Copyright is something you need to adhere to by law. Just because content is available on the Internet, this does not mean its free to use. You should seek permission to use content that you do not own. Sometimes, this can involve a cost and a contract which stipulates the content size, where used and duration of use.

Do look for the copyright symbol on content (below).

Copyright symbol
Copyright symbol

This means it’s copyright protected. Even if content doesn’t have the symbol beside it, it’s still protected and not for use without permission. If you use someone else’s content without their permission, it’s copyright theft / infringement which can lead to legal proceedings.

You can read more here: Copyright, what you need to know. However, there are alternatives to using copyright protected content.

Creative Commons have a list of licenses applied to content which can be freely used. Do have a read through the different license types and the parameters of use. The license which is most open is CC0 and content under this license can be used and/or amended with the authors name accredited to the image.

Read more about Creative Commons.

So where can you find this content? We’re glad you asked. There’s a few creative commons sites which include:

When downloading from these sites, there are size options. We generally download the largest file size and keep it as a source copy. The image can be opened, resized and saved out as a smaller image for use elsewhere, i.e., Twitter or blog posts, etc. This helps streamline file sizes and makes makes content quicker to load on slower Internet connections.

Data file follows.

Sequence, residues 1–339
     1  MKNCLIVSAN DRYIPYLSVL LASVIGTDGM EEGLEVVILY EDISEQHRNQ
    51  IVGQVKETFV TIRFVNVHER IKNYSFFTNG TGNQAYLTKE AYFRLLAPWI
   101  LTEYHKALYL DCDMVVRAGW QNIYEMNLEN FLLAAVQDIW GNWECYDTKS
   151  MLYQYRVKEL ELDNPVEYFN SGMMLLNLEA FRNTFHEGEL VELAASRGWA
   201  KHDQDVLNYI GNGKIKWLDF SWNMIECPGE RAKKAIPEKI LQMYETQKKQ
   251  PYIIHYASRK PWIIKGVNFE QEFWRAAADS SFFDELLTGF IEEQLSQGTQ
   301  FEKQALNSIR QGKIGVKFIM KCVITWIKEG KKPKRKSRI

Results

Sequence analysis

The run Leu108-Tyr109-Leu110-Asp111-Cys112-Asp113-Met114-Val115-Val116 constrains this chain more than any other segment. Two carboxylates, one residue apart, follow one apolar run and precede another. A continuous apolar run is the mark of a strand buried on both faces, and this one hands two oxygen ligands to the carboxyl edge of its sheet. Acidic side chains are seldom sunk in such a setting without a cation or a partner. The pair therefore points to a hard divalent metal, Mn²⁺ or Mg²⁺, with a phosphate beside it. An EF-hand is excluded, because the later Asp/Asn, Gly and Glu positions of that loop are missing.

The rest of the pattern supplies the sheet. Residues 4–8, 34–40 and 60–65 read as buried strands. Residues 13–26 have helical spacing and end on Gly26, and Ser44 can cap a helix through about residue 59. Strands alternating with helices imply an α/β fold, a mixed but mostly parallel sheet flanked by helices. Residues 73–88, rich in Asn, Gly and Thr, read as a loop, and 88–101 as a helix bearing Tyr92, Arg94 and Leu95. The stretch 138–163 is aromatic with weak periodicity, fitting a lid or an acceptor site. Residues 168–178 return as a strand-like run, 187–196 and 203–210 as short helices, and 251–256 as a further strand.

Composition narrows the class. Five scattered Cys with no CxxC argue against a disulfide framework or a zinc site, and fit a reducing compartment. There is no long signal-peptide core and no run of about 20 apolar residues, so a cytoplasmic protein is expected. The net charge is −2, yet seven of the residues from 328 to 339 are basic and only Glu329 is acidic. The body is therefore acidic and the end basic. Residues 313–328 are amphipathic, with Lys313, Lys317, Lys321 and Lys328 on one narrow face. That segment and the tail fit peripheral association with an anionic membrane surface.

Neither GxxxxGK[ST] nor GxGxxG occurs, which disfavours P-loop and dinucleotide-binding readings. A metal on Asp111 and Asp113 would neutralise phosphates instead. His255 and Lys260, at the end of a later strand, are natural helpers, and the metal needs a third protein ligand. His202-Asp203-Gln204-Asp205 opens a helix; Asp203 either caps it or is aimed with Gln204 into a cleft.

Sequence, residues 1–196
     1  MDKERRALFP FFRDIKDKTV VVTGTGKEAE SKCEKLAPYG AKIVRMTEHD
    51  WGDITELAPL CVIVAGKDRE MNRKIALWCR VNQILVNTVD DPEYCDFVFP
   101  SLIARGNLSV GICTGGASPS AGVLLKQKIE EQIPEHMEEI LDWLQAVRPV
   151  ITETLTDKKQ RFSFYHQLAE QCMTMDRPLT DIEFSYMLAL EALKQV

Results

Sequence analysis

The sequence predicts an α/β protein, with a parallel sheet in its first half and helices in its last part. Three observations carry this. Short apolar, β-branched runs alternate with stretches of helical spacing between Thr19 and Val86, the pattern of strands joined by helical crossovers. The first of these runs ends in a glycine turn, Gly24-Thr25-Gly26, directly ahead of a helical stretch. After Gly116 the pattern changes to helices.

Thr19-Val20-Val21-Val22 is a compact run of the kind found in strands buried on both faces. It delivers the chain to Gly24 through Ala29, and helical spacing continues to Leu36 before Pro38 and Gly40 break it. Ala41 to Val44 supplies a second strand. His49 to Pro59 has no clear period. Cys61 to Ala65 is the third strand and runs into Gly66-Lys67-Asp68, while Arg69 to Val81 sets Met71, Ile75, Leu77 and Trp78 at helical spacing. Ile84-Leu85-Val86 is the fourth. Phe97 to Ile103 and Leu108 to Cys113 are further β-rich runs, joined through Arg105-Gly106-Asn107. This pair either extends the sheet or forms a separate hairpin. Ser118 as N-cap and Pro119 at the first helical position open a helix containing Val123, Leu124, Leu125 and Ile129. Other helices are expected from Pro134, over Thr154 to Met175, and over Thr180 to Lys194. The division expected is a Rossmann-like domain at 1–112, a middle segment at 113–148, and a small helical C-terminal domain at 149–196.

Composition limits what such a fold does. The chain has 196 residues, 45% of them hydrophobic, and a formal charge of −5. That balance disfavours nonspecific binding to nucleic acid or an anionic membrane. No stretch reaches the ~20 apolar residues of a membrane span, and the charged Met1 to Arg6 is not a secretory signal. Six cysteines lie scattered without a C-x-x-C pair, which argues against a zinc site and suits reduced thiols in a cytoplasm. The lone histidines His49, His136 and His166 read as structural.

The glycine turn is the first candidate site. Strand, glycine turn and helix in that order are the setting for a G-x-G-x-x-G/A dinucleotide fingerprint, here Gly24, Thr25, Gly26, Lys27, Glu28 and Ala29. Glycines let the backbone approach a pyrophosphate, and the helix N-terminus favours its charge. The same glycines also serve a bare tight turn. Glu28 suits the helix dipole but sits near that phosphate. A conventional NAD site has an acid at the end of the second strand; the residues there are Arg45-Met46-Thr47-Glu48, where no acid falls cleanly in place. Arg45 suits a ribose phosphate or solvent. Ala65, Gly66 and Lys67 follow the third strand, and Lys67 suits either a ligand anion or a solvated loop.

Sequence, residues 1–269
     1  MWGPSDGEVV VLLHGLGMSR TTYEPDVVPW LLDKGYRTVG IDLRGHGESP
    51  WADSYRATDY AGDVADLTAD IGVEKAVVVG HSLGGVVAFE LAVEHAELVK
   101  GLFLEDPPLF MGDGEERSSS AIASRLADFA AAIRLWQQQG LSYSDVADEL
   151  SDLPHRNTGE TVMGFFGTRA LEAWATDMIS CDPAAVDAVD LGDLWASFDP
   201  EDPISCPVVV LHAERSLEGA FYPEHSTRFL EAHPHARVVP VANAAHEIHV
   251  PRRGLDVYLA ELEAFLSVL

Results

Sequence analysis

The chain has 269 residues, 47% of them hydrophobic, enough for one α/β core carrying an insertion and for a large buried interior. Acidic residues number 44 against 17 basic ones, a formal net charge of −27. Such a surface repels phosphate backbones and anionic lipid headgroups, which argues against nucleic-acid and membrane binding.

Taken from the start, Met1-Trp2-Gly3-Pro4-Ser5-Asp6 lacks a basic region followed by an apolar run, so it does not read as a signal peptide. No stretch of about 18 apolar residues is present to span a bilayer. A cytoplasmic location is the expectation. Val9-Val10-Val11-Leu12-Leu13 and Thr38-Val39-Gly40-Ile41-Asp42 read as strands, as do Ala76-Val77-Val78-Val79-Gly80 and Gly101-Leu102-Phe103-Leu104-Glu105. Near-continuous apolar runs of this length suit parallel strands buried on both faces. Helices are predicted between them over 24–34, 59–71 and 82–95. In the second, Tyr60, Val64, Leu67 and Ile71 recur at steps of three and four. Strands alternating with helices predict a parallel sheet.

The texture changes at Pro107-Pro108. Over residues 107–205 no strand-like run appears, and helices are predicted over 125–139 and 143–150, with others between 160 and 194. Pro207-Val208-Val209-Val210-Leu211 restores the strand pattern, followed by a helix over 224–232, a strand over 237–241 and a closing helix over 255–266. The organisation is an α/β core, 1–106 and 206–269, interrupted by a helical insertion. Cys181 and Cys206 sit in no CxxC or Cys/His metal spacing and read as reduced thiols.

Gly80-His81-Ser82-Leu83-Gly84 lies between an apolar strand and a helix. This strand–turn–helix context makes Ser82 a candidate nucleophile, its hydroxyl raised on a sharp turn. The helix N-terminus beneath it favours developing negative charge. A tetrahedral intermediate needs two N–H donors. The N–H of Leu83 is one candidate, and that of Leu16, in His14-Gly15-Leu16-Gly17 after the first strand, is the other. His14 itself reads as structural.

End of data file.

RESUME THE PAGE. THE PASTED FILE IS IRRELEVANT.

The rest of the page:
In addition, you can use the advanced search features on Google to search for Creative Commons or CC0 images but do double-check the terms and conditions of content over and above this search as sometimes errors creep in. It’s your responsibility to ensure content is CC0 licensed and useable.


This is the digital accessibility part. Putting images into your presentations makes them aesthetic and the images should relate to the talk or teaching you’re about to deliver. However, let’s consider audience members with low or no vision and those who use screen readers for a variety of reasons.

Screen readers cannot ‘see’ images. They rely upon ALT Text descriptions being added to the metadata of the image within PowerPoint (or webpage). This behind-the-scenes description is what will be read out to the users of screen readers.

There’s a few best practices here.


  • Enter descriptions for visual content
  • If images are decorative, mark them as decorative and ignore adding a description

Please do not:

  • Enter file names as descriptions
  • Use the auto-generate feature, it’s not accurate and likely to misdirect students
  • Clutter the slide with lots of images, separate them out onto separate slides
  • Screen shot text as images, these are inaccessible

In PowerPoint, click on the image you want to add a description to. Click Picture Format, ALT Text and the ALT Text Panel will pop out from the right hand side.

Simply add your description in the text box.

PowerPoint - adding an ALT Text description to an image
PowerPoint – adding an ALT Text description to an image

You will find ALT Text in other areas of PowerPoint, i.e., in the Check Accessibility feature, the New Accessibility Tab and it can also be found by right-clicking the image and Edit ALT Text.

In summary

We know this is just an introduction to adding images and visual content to your slides. It’s maybe not even the interesting part at this stage, but certainly in terms of where the images come from, permissions, adding descriptions for digital accessibility, those are important things to know.

Next time

Next week, we’ll be looking at how to size, position and crop your images in PowerPoint. The following weeks, we’ll look at how to do basic manipulations, recolour and make images transparent.

Remember, the DigiKnow blog posts are released at noon on a Monday.

Please do join us then to learn more and don’t forget to follow us on Twitter: @MDBSelearn.